Is Your Business Compliant With ERISA?

Is Your Business Compliant With ERISA?
By Jennifer S. Kiesewetter


Jennifer S. Kiesewetter

Compliance is a word thrown around frequently in the business world, and it’s a goal on your to-do list.
Or is it? In the world of the Employee Retirement Income Security Act (ERISA), compliance is not a goal. It is the law – and harsh penalties await the offender.
ERISA is a federal law that governs certain minimum standards for qualified retirement plans, health and welfare plans. Sounds simple enough, but therein lies the rub. The complexity and confusion of ERISA falls within those certain minimum standards.

The complexity is increasing as evidenced, for example, by the passage of the Patient Protection and Affordable Care Act (PPACA or health care reform), which directly impacts ERISA-covered health plans.

Federal agencies such as the IRS and Department of Labor, which oversee and enforce these plans, are paying close attention to plan sponsors’ compliance and non-compliance. In 2009 and 2010, an estimated 70 percent of retirement plans audited by the Department of Labor were fined, with penalties averaging about $450,000 per plan.
How do you ensure compliance?

Plan documents must be in compliance with the law and regulations. All appropriate amendments must be made and signed where applicable. All plan operations must be in compliance with the plan document.

Pay close attention to Summary Plan Descriptions (SPDs), which have specific requirements that must be met. Make sure they are appropriately drafted and distributed at required times.
Appropriately document your Section 408(b)(2) (fee disclosure) notices and updates.

For ERISA health and welfare plans, make sure such plans comply with ERISA. Often, most insurance carriers provide a plan booklet or certificate of coverage outlining eligibility and benefits. They may offer you something that looks like an SPD. However, often these documents do not contain the required ERISA language. You may need a “wrap document” that will contain the required ERISA language and embody the remaining health and welfare documents. Without this, you may not be in compliance with ERISA.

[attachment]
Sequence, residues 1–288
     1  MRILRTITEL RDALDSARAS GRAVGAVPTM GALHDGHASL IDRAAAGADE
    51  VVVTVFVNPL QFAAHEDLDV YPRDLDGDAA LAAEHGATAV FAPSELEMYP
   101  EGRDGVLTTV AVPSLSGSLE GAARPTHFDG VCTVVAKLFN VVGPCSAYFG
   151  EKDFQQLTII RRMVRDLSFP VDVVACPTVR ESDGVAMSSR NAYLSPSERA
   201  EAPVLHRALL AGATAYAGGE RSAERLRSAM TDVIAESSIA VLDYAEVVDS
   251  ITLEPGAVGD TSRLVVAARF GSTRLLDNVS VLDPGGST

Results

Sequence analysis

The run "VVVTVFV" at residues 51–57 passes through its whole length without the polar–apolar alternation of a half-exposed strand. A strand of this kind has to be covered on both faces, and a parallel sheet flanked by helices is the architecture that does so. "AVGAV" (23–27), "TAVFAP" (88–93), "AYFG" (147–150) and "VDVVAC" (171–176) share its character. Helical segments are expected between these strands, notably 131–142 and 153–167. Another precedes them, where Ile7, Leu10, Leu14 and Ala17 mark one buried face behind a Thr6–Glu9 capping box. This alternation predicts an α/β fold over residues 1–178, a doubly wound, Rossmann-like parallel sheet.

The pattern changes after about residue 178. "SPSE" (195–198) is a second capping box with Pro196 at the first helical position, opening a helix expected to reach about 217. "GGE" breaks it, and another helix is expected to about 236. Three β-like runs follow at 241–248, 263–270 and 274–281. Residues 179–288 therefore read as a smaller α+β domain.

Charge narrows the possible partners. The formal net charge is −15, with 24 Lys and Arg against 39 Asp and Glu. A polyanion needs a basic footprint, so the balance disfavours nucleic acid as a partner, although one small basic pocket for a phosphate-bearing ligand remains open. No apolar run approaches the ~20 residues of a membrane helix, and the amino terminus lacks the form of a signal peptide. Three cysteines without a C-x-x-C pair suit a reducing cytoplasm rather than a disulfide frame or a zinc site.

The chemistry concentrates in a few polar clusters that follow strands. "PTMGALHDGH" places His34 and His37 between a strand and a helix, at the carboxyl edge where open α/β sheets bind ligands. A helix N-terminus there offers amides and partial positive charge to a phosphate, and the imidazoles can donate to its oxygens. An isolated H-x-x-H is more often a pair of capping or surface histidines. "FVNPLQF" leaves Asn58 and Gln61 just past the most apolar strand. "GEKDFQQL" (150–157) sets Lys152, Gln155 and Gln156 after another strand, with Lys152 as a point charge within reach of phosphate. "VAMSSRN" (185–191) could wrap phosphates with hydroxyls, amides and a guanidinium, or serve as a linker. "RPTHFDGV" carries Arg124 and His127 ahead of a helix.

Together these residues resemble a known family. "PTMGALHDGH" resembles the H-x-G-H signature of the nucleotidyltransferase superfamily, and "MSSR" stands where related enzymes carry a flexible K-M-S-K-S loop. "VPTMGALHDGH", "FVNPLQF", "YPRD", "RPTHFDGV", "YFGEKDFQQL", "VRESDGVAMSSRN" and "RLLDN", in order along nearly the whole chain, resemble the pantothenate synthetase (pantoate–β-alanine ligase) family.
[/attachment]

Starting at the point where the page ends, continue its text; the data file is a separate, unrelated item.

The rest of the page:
Review your plan for “hot spots,” such as compensation definitions, participant eligibility and enrollment, beneficiary designations, the timing of contribution deposits, the filing of 5500s, audit concerns, Schedule C concerns, hardship distributions, loans and investment policy statements, among others.

Review your health plan for the PPACA requirements to date, such as grandfather status, dependent coverage to age 26, prohibition of rescissions of coverage, the absence of monetary limits on essential health benefits, choice of provider notice, and claims and external reviews. As of late 2012, the DOL began auditing plans for PPACA compliance.
Document all of your processes.

With audits increasing, it is important to be proactive. Begin your document review. Engage ERISA counsel, an accountant/auditor with expertise in employee benefit plans and a qualified third-party administrator. This team of professionals can help you navigate ERISA.

Contact Jenny Kiesewetter, managing member and firm founder of Kiesewetter Law Firm, at 308-6485 or visit


The Supreme Court today ruled that the Affordable Care Act, PL111-148, in effect since September 28, 2010, including its individual mandate that virtually all Americans buy health insurance, is constitutional.  Congress could use its power to regulate commerce between the states to require everyone to buy health insurance.  Five Justices agreed that the penalty that someone must pay if he refuses to buy insurance is equivalent to a “tax” imposed by Congress. The Court held that the provision concerning the increase in Medicaid enrollment is constitutional as long as states would only lose new funds if they didn’t comply with the new requirements, but not lose all of their Medicaid funding.


PPACA, PL11-148, adopted ERISA claim regulations, as written, in their entirety. The new health care law in the U.S. Is based on ERISA for claims adjudication.


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ERISA law defines a healthcare denial as “anything less than 100% payment of the claim”, meaning full charges (not the PPO amount). This has the potential to deliver substantial portions of the contractuals for any claim where the commercial insurance coverage was issued by the employer (government, church, and a few other minor categories are excepted).


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